Another incident I’ve wondered about in the gospels is the one in which the people of Nazareth try to throw Jesus off the cliff at the edge of the hill their city was built on. This episode isn’t related in the Gospel of Mark, it’s in Luke, but the graphic novel version of Mark answers the question just the same. One panel shows Jesus and his disciples approaching Nazareth:
This is an accurate rendition of the layout and location of the city in the time of Jesus. Already we get the idea that we’re in mountainous country. We can see how there might be a cliff at the far edge of the city. But a later panel shows even more specifically how a settlement in first-century Palestine, though it’s not Nazareth specifically, might have been built in such a precarious location.
These are just a handful of the insights I got personally from reading through Mark as a graphic novel (even though I’m supposed to be a biblical consultant to the project!). I’m sure it will give you as well a greater appreciation for the historic and cultural background to the story of Jesus, and thus for the story itself.
I also can’t resist mentioning how delightful I continue to find the imaginative ways in which the artist envisions the story. It has been said that reading is a creative act, and I find Pillario reading the story of Jesus, and re-telling it visually, in consistently creative ways. For example, here’s how he envisions the cloak-and-dagger episode in which Jesus’ disciples find their way stealthily to the upper room where they’re supposed to prepare the Passover supper:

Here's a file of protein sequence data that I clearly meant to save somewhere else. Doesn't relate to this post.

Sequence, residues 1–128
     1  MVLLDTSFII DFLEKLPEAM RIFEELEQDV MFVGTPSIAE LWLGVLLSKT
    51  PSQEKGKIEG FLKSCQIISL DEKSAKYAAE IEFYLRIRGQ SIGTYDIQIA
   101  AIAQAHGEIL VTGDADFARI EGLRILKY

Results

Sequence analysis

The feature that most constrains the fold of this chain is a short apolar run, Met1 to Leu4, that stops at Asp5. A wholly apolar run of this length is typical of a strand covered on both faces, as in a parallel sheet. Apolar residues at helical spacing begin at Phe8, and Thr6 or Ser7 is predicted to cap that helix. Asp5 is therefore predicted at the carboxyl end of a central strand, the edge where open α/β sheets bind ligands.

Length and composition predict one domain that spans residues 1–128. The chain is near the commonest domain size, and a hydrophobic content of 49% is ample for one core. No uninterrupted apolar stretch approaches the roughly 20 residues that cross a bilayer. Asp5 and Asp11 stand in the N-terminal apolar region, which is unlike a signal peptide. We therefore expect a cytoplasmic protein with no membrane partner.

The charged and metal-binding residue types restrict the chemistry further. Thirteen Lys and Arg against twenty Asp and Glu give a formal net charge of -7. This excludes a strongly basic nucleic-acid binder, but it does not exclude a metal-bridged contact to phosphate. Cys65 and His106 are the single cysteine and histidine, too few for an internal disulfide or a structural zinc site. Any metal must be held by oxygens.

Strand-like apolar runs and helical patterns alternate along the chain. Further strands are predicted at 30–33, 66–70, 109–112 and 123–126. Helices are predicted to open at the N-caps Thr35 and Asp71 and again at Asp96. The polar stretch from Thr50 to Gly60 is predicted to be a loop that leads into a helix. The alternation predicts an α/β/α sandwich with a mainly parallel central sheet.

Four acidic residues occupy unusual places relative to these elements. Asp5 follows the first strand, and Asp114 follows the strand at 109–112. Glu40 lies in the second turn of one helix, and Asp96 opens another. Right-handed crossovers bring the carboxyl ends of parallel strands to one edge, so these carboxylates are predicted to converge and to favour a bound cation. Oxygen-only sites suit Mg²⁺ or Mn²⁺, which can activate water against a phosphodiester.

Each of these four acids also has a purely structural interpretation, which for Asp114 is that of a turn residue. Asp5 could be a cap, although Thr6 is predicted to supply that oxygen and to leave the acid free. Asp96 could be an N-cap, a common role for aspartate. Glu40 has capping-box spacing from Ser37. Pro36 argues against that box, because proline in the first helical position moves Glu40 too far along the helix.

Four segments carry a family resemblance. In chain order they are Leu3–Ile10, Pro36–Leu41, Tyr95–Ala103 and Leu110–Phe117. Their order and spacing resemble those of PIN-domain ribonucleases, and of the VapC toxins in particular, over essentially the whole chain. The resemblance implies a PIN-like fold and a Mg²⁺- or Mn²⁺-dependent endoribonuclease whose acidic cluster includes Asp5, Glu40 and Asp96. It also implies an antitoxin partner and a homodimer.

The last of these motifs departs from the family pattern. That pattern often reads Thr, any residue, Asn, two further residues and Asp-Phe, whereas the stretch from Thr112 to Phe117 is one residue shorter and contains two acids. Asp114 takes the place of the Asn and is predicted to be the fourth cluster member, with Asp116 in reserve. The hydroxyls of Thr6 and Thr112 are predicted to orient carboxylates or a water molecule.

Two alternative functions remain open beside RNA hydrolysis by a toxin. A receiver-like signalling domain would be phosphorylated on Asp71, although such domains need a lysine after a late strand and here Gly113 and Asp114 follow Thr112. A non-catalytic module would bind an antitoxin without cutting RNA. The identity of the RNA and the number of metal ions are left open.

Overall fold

Another of my favorite panels is the one that shows Jesus answering the question about paying taxes to Caesar. He asks to see a coin and he uses it to give the perfect answer, and as he does, he tosses the coin back to the person who brought it! A wonderfully imaginative way to envision that episode.
But finally, I’d also like to stress that for the artist, this isn’t just a commercial or even a creative project. It’s an act of devotion. While the graphic novel presents the text of Mark, it visually includes episodes from all the gospels. In that way, it’s a “life of Christ.” And writing (or in this case drawing) a life of Christ is a time-honored devotional endeavor. I find many places in the novel where the artist’s faith in Jesus and appreciation for his sacrifice come through clearly. Jesus is featured on the cover of the novel bound and bloodied, not calming the storm at sea or taking the little children in his arms. Jesus’ physical sufferings for us are portrayed realistically but also reverentially, not gratuitiously. Many times, as I reviewed such panels in development, I said out loud, “Hallelujah, what a Savior!” I know that’s the response the artist wants to draw forth from us.
Along those lines, one of the most moving and meaningful panels for me, which captures the artist’s faith, skill, and imaginative power all at the same time, is the one that shows Jesus willingly surrendering to his would-be captors in the Garden of Gethsemane.